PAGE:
Perhaps you are wondering at my words, perhaps you don't believe me? Agrafena Alexandrovna, my angel!" she cried suddenly to some one, peeping into the next room, "come in to us. This is a friend. This is Alyosha. He knows all about our affairs. Show yourself to him."

"I've only been waiting behind the curtain for you to call me," said a soft, one might even say sugary, feminine voice.

sugary - azucarado; dulce

The portière was raised and Grushenka herself, smiling and beaming, came up to the table. A violent revulsion passed over Alyosha. He fixed his eyes on her and could not take them off. Here she was, that awful woman, the "beast," as Ivan had called her half an hour before. And yet one would have thought the creature standing before him most simple and ordinary, a goodnatured, kind woman, handsome certainly, but so like other handsome ordinary women! It is true she was very, very goodlooking with that Russian beauty so passionately loved by many men. She was a rather tall woman, though a little shorter than Katerina Ivanovna, who was exceptionally tall. She had a full figure, with soft, as it were, noiseless, movements, softened to a peculiar oversweetness, like her voice. She moved, not like Katerina Ivanovna, with a vigorous, bold step, but noiselessly. Her feet made absolutely no sound on the floor. She sank softly into a low chair, softly rustling her sumptuous black silk dress, and delicately nestling her milkwhite neck and broad shoulders in a costly cashmere shawl. She was twentytwo years old, and her face looked exactly that age. She was very white in the face, with a pale pink tint on her cheeks. The modeling of her face might be said to be too broad, and the lower jaw was set a trifle forward. Her upper lip was thin, but the slightly prominent lower lip was at least twice as full, and looked pouting. But her magnificent, abundant dark brown hair, her sablecolored eyebrows and charming grayblue eyes with their long lashes would have made the most indifferent person, meeting her casually in a crowd in the street, stop at the sight of her face and remember it long after. What struck Alyosha most in that face was its expression of childlike good nature. There was a childlike look in her eyes, a look of childish delight. She came up to the table, beaming with delight and seeming to expect something with childish, impatient, and confiding curiosity.

exceptionally - excepcionalmente

softened - suavizado; ablandar, suavizar

delicately - con delicadeza; delicadamente

nestling - Nido; (nestle); acomodarse, acurrucarse

cashmere shawl - chal de cachemira

tint - tinte, matiz

jaw - mandíbula; maxilar

trifle - baratija; sopa inglesa, pizca, nadería, nimiedad, zarandaja

pouting - Haciendo pucheros; (pout) Haciendo pucheros

abundant - abundante, copioso, cuantioso

eyebrows - cejas; ceja

most indifferent - más indiferente

childlike - infantil

good nature - Buen carácter, buena gente

confiding - confiar

The light in her eyes gladdened the soul"Alyosha felt that. There was something else in her which he could not understand, or would not have been able to define, and which yet perhaps unconsciously affected him. It was that softness, that voluptuousness of her bodily movements, that catlike noiselessness. Yet it was a vigorous, ample body. Under the shawl could be seen full broad shoulders, a high, still quite girlish bosom. Her figure suggested the lines of the Venus of Milo, though already in somewhat exaggerated proportions. That could be divined. Connoisseurs of Russian beauty could have foretold with certainty that this fresh, still youthful beauty would lose its harmony by the age of thirty, would "spread"; that the face would become puffy, and that wrinkles would very soon appear upon her forehead and round the eyes; the complexion would grow coarse and red perhaps"in fact, that it was the beauty of the moment, the fleeting beauty which is so often met with in Russian women. Alyosha, of course, did not think of this; but though he was fascinated, yet he wondered with an unpleasant sensation, and as it were regretfully, why she drawled in that way and could not speak naturally. She did so evidently feeling there was a charm in the exaggerated, honeyed modulation of the syllables. It was, of course, only a bad, underbred habit that showed bad education and a false idea of good manners. And yet this intonation and manner of speaking impressed Alyosha as almost incredibly incongruous with the childishly simple and happy expression of her face, the soft, babyish joy in her eyes. Katerina Ivanovna at once made her sit down in an arm chair facing Alyosha, and ecstatically kissed her several times on her smiling lips. She seemed quite in love with her.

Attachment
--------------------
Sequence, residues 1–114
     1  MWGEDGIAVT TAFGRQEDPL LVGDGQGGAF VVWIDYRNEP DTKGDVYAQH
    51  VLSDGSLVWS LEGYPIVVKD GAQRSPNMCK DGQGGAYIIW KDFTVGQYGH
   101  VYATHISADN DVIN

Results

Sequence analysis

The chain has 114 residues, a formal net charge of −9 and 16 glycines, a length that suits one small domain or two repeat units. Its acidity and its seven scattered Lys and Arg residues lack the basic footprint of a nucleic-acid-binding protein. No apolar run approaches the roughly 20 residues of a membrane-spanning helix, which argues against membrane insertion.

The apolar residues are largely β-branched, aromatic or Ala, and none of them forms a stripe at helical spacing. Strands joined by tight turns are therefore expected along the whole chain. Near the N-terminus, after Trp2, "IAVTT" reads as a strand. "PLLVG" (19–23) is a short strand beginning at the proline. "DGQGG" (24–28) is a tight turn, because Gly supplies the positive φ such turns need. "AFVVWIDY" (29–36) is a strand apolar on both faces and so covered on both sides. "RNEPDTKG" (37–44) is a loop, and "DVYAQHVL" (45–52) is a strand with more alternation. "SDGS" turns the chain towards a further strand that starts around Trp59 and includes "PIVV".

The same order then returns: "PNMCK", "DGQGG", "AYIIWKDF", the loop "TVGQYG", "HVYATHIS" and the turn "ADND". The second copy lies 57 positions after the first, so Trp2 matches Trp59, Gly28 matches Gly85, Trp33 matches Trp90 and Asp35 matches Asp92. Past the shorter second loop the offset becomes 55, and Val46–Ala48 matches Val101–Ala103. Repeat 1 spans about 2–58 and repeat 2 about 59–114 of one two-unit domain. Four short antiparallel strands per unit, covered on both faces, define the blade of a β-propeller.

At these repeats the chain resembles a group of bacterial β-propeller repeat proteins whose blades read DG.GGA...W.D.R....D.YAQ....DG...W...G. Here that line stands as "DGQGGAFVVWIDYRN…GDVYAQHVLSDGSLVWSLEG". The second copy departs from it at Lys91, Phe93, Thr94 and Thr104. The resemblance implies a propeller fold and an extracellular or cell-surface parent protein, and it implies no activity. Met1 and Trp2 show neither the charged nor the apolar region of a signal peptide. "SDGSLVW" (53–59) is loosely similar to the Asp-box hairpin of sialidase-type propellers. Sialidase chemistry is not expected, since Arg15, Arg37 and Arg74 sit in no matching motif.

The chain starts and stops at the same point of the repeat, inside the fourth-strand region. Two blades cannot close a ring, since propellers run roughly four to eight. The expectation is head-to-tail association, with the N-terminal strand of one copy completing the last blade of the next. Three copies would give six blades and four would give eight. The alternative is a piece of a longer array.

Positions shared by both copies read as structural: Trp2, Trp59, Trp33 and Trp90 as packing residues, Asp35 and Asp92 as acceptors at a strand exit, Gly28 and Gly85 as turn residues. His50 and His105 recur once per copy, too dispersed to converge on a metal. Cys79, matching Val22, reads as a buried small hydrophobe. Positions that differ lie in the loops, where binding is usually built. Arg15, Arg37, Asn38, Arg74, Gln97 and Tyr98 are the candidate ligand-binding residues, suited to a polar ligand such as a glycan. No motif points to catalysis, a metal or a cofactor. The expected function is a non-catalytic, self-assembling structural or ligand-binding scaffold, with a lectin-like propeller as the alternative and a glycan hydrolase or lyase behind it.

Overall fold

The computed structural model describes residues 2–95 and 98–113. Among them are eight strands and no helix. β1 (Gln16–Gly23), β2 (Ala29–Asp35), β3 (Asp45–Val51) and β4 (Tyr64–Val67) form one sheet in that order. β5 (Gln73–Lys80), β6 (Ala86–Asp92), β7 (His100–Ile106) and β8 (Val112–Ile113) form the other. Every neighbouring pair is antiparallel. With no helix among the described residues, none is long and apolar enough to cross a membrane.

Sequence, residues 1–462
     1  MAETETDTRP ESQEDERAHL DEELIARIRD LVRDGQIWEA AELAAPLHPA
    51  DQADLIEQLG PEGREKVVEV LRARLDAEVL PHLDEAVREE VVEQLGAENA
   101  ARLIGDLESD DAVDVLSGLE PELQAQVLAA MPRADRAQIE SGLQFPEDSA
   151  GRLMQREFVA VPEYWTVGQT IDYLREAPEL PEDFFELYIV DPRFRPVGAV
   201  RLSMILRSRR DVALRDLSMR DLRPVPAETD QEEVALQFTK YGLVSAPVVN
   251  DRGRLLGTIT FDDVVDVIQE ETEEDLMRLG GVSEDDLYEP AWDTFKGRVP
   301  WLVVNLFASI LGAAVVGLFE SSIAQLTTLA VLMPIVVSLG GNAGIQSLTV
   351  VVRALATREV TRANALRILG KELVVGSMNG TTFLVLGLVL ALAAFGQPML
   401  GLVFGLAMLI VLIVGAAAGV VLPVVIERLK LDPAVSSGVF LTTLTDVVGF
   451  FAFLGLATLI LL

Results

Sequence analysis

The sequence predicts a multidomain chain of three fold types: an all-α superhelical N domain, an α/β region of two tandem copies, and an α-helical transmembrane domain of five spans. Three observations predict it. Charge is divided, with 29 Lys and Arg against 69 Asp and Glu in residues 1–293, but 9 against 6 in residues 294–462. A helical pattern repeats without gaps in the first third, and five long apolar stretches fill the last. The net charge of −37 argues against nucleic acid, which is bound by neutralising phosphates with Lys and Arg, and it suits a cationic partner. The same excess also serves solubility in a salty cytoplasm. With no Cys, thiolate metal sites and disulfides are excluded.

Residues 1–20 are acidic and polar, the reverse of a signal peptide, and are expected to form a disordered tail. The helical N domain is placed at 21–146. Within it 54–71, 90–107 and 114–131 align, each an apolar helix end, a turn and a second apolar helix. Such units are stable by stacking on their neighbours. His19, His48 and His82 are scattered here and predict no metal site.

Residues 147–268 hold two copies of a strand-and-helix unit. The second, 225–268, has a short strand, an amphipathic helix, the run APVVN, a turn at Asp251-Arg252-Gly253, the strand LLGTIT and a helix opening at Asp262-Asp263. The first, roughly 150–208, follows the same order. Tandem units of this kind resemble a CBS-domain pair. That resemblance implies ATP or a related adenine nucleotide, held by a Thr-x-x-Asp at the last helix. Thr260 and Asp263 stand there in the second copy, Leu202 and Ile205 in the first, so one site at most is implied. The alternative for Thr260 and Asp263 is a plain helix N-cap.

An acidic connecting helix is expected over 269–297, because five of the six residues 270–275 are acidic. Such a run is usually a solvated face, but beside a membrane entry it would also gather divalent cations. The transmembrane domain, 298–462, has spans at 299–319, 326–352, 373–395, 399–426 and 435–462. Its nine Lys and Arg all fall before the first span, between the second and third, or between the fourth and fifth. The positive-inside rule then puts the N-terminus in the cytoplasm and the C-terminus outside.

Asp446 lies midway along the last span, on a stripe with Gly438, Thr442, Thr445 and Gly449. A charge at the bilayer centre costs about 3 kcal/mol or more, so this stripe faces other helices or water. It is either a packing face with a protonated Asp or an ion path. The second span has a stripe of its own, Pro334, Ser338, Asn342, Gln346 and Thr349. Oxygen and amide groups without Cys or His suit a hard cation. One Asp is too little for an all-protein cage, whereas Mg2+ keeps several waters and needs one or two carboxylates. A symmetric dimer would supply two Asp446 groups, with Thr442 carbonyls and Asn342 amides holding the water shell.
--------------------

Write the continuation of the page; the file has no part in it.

softness - suavidad, molicie

bodily - corporal, corpóreo, corporalmente

ample - amplio, extenso, abundante, generoso

shawl - un chal; chal, panolón

girlish - femenino, de nina

Venus - Venus

connoisseurs - conocedores; connaisseur; connoisseur

puffy - inflado, expresivo

complexion - tez

regretfully - lamentablemente

syllables - sílabas; sílaba

underbred - Subcriados

intonation - entonación

babyish - pequeno; infantil, pueril

ecstatically - extasiado

"This is the first time we've met, Alexey Fyodorovitch," she said rapturously. "I wanted to know her, to see her. I wanted to go to her, but I'd no sooner expressed the wish than she came to me. I knew we should settle everything together"everything. My heart told me so"I was begged not to take the step, but I foresaw it would be a way out of the difficulty, and I was not mistaken.

rapturously - con entusiasmo

Grushenka has explained everything to me, told me all she means to do. She flew here like an angel of goodness and brought us peace and joy."

"You did not disdain me, sweet, excellent young lady," drawled Grushenka in her singsong voice, still with the same charming smile of delight.